Fraudulent Wills

Fraudulent Wills: Vancouver Sun Article

The Vancouver Sun published an article I wrote on the increased risk of fraudulent wills that may occur under WESA.

The B.C. inheritance-and-estate law brought in two years ago has increased the risk of forged and fraudulent wills, says a lawyer involved in the debate about its creation.

Trevor Todd, who runs disinherited.com, said the situation is worrying given that in his 40-year practice he previously saw only one forged will — in the late-1970s. That case involved a nightclub doorman and his legal-secretary girlfriend taking advantage of the chronically drunk bar owner with a will that left everything to the bouncer. The club owner’s widow hired a handwriting expert and the case was settled out-of-court when the will was unveiled as a fake.

The old rules required that a will be in writing, signed by the testator and two witnesses, all in the presence of each other, and neither of whom nor their spouses could inherit as a beneficiary.
(The doorman used two bar flies as witnesses — the girlfriend having alerted him to the perils of signing the phoney document.)
Most forged-wills cases involve handwritten documents, known as holographs, putatively signed by the deceased with no witnesses.

Several decisions since the Wills, Estates and Succession Act (WESA) came into effect March 31, 2014, however, have allowed wills that previously would have been ruled invalid to be probated despite irregularities such as the lack of witnesses.

In one of the first post-WESA cases, (Re the Estate of Woolrich, V140043, unreported, Jan. 21, 2015), the B.C. Supreme Court found a suicide note to be a valid will.

In Re Smith Estate 2016 BCSC 350, the court granted probate to three clipped and stapled-together documents — two handwritten and the other an original funeral-arrangements brochure, all unsigned and unwitnessed.

In Re Yaremkewich Estate 2015 BCSC 1124, the witnesses signed a blank template that didn’t have attached the lists of bequests found with the will after death.

Also, they couldn’t recall if the deceased had signed the will template at the same time as they did. The judge still approved the will, including the lists of bequests. “To date the courts have not set any limit on what type of documentation is necessary to prove a will-maker’s true intentions with respect to his or her last will,” Todd said. “It is possible, for example, that an email message might be admitted to probate as a will. Such a thought immediately conjures up the prospect of an increase in faked wills.”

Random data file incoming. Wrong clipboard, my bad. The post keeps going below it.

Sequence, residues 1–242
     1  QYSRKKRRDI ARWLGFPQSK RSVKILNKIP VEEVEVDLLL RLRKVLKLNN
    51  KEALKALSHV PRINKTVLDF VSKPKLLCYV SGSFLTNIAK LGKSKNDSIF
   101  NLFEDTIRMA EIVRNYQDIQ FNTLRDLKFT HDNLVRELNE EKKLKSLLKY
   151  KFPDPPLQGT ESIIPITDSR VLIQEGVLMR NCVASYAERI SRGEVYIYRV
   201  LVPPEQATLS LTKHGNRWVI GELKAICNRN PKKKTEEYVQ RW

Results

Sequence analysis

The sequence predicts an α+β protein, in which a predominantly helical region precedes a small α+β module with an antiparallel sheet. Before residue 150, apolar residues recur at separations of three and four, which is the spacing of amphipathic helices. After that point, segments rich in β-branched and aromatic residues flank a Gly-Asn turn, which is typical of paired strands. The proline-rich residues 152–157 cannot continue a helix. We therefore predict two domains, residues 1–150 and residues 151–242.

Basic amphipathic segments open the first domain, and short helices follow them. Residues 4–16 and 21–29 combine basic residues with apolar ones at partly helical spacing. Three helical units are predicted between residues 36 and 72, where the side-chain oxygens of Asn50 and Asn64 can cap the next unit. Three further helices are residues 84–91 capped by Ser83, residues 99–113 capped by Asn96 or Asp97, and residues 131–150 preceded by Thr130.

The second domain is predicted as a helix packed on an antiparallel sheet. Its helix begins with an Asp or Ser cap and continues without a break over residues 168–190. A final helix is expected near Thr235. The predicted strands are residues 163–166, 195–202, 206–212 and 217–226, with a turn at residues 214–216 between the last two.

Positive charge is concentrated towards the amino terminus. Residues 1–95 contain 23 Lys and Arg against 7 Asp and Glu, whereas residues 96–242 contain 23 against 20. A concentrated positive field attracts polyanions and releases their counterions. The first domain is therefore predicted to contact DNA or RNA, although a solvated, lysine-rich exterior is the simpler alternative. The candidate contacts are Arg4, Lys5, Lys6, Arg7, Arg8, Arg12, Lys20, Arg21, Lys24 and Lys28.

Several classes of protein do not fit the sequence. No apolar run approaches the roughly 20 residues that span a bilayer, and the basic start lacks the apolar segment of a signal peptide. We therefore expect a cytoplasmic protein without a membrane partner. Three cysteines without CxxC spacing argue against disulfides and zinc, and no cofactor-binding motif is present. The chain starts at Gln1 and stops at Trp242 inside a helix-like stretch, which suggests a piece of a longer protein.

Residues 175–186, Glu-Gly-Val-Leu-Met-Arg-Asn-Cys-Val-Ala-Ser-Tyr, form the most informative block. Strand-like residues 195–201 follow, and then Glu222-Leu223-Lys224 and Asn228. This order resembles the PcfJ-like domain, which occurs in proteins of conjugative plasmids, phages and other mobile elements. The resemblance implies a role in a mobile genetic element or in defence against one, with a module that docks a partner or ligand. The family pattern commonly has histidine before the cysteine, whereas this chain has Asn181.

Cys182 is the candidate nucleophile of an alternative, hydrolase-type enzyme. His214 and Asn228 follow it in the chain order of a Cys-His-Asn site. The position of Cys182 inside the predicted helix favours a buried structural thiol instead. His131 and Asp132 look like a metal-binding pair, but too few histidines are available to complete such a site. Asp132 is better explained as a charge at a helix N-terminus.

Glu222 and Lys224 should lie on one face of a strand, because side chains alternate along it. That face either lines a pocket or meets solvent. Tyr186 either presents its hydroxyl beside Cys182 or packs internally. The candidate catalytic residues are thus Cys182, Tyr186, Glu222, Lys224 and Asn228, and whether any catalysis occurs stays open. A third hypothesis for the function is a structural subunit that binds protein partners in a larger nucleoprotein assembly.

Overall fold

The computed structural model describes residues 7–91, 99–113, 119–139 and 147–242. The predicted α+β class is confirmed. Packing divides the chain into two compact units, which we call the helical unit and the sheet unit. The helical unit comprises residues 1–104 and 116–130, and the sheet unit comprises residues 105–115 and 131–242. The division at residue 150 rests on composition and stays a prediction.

The previous legislation took a very strict approach to wills, Todd explained, so any deviation caused a will to be deemed wholly or partly invalid. For policy reasons, the government decided far greater court discretion was required to “cure” previously “defective” wills.

Passed in 2009, WESA included provisions that allowed probate as long as the intention of the testator was clear.

At the time, litigators including Todd, predicted more, not fewer lawsuits with the adoption of a significantly different conception of what could be considered a valid will.

With the public now increasingly preparing their own wills, Todd maintained, the self-help process has exacerbated the problem providing even greater opportunity for deathbed legerdemain.
“As the public increasingly prepare their own wills, all without the ‘screen’ of a lawyer testing for capacity and undue influence, it appears inevitable that there will be more forged or faked testamentary documents,” he said.

Combating a counterfeit will, he added, is difficult because bringing a charge of forgery is tantamount to alleging fraud, requires expensive handwriting experts and, if unproven, results in a heavy, special-costs award against the accuser. “Handwriting experts require 20 to 30 handwritten signatures of the deceased, preferably originals only, which they analyze through microscopes,” he said. “Their job is often complicated by the effect of tremors, arthritis or other related afflictions that a frail or elderly will-maker may have.”

And lawyer-prepared wills aren’t a palatable solution.

“There is a great price barrier as to what people will pay professionals to prepare wills, given the availability of will kits and such on the Internet,” Todd noted.

Trevor Todd

Trevor Todd is one of the province’s most esteemed estate litigation lawyers. He has spent more than 40 years helping the disinherited contest wills and transfers – and win. From his Kerrisdale office, which looks more like an eclectic art gallery than a lawyer’s office, Trevor empowers claimants and restores dignity to families across BC. He is a mentor to young entrepreneurs and an art buff who supports starving artists the world over. He has an eye for talent and a heart for giving back.

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